Provided you have all these items, and they are packable and lightweight, you’ll have a comfortable and not so cumbersome sleep system.


Just make sure your sleeping bag is rated for the proper season of your trip, and that your tent is lightweight but still waterproof.

Compression stuff sacks are another important piece of kit that can help you compress things like your pillow and sleeping bag to optimize space.




Food is crucial for a backpacking trip because it’s vital to keeping your energy and spirits up on the trail.


Pack calorie dense foods because you’ll burn many while hiking and you’ll need to recuperate those calories to sustain the journey. Foods that are high in fats such as cured meats and nuts are ideal for backpacking snacks because your body can convert them into energy much quicker.


Lightweight is also key with food for backpacking. Avoid canned goods and instead pack prepackaged freeze-dried meals and energy bars. Packing a fruit or two such as an apple or orange will help add fiber and ruffage to your diet while on the trail.


Essential Tools and Items


There are a myriad of other miscellaneous but essential items you may need to bring on your backpacking trip. Some must have items include:


  • Fire starting materials (lighter, striker, fire paste, etc.)
  • Water filtration
  • Toilet paper/wipes
  • Small propane stove
  • Small stainless-steel cup for boiling water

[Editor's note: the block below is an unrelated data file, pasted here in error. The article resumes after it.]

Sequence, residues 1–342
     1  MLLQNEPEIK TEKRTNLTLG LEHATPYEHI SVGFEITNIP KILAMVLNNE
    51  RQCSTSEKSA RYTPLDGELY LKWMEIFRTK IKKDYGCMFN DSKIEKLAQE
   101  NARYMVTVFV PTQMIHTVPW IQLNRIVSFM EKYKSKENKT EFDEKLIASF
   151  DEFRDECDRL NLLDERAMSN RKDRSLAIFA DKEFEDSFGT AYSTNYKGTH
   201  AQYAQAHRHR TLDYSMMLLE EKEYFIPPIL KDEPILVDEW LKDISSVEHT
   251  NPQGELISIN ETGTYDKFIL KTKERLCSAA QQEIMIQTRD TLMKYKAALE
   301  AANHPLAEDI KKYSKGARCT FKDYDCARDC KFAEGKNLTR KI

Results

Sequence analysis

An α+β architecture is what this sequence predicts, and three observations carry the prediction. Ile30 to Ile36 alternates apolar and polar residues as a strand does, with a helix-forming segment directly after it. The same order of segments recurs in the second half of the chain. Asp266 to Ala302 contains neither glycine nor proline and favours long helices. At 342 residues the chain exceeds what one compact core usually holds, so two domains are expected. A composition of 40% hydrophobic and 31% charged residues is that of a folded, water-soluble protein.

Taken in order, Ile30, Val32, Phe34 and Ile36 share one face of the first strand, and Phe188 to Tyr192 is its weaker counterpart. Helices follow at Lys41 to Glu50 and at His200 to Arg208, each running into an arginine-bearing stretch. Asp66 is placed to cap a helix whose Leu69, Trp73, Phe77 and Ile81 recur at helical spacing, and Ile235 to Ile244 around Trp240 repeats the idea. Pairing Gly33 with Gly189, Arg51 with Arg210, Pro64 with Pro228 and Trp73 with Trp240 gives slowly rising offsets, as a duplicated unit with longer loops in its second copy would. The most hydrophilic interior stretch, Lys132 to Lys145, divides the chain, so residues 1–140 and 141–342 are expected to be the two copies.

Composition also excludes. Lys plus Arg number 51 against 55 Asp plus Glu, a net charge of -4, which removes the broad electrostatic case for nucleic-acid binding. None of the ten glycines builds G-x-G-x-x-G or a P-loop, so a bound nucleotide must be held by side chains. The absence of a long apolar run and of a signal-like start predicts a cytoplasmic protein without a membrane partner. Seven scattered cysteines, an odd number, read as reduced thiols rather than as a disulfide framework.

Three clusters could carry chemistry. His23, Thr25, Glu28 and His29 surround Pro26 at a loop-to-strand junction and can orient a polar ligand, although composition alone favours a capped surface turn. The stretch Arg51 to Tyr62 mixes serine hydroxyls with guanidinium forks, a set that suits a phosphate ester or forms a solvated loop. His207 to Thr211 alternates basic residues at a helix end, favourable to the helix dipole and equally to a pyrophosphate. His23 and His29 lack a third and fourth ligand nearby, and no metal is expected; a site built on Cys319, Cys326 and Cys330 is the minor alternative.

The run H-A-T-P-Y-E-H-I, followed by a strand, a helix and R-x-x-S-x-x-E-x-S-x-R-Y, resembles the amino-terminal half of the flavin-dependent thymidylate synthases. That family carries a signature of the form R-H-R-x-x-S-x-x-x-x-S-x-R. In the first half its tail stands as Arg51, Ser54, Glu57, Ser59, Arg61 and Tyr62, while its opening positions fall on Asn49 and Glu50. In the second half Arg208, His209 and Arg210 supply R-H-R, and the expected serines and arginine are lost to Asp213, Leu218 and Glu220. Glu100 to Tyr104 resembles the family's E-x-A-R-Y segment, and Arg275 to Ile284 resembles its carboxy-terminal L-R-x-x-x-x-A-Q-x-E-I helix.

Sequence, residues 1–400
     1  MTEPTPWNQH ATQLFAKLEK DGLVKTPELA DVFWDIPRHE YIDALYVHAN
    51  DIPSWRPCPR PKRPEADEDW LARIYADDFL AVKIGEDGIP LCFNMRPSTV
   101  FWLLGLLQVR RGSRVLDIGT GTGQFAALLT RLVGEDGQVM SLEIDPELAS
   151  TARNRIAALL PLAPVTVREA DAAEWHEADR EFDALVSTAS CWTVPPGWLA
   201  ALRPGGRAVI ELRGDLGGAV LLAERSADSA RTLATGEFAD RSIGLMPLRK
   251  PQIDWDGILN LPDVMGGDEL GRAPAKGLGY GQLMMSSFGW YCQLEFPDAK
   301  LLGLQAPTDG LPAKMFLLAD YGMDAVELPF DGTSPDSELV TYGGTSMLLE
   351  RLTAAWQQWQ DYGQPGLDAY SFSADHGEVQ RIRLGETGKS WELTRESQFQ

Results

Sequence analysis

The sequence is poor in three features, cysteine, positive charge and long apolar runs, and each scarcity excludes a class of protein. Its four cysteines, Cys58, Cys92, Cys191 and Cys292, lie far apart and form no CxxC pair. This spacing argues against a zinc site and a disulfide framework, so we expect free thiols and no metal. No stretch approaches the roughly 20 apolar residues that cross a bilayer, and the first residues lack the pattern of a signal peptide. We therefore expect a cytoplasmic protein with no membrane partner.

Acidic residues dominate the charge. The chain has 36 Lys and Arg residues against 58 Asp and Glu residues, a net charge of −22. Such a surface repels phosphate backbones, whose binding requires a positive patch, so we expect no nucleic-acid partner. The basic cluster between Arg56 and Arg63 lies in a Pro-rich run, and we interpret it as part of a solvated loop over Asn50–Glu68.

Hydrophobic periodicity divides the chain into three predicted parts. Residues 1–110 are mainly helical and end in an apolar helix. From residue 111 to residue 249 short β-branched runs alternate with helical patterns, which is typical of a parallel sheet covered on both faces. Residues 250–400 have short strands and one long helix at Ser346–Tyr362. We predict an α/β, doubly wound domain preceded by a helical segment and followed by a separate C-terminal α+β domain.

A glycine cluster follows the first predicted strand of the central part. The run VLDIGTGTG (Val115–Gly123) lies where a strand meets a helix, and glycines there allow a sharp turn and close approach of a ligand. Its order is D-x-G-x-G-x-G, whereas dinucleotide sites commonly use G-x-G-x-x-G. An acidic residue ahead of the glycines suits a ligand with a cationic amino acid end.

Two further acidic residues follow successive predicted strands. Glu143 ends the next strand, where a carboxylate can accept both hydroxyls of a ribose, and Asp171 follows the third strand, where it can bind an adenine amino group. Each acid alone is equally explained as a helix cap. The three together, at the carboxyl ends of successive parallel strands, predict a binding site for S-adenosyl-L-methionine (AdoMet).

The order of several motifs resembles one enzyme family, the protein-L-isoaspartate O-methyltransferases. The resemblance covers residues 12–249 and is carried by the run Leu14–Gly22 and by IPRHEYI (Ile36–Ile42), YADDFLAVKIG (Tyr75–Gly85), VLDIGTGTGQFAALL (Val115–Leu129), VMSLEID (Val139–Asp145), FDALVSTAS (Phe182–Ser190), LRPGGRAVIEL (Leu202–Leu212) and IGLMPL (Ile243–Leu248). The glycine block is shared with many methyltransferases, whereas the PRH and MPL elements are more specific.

• Water bottle and/or bladder
  • Compass
  • Multi-tool
  • flashlight
  • Maps of the area
  • Signal mirror
  • First aid kit


There are also many non-essential items that are still very useful on a backpacking trip. You may not have room for all these items, so take some time to consider what you’ll need based on the length and location of your trip.


Some of these items include:


  • Handheld GPS
  • Small hatchet or bowie knife for splitting firewood
  • Foldable saw
  • Sunscreen
  • Hand sanitizer
  • Small foldable camp seat
  • Hat or beanie
  • Sunglasses
  • Tarps for various uses
  • Insect repellant
  • Headlamp
  • Trekking poles
  • Bear bag
  • Paracord
  • Bear spray
  • Pocket knife


Backpacking can also be means of travel for other activities such as fishing, hunting, and outdoor photography. If hiking is not your only task, you’ll have to also factor in what extra gear you’ll need to achieve your specific goals.




If you’ve never been backpacking but you love to camp, you owe it to yourself to give backpacking a try.


Backpacking gives you an irreplaceable feeling of adventure and accomplishment that’s hard to beat. If you have the right gear, you’re sure to have fun and enjoy the outdoors in a whole new way.


This guide on how to pack for a backpacking trip is not an exhaustive list. While there are a few essential items that should be packed for any trip, not all backpacking adventures are the same.


Once you do the proper research about where you’ll be going and have some experience under your belt, you’ll be able to fine tune a system of gear that’s perfect for you!

Leave a comment

This site is protected by reCAPTCHA and the Google Privacy Policy and Terms of Service apply.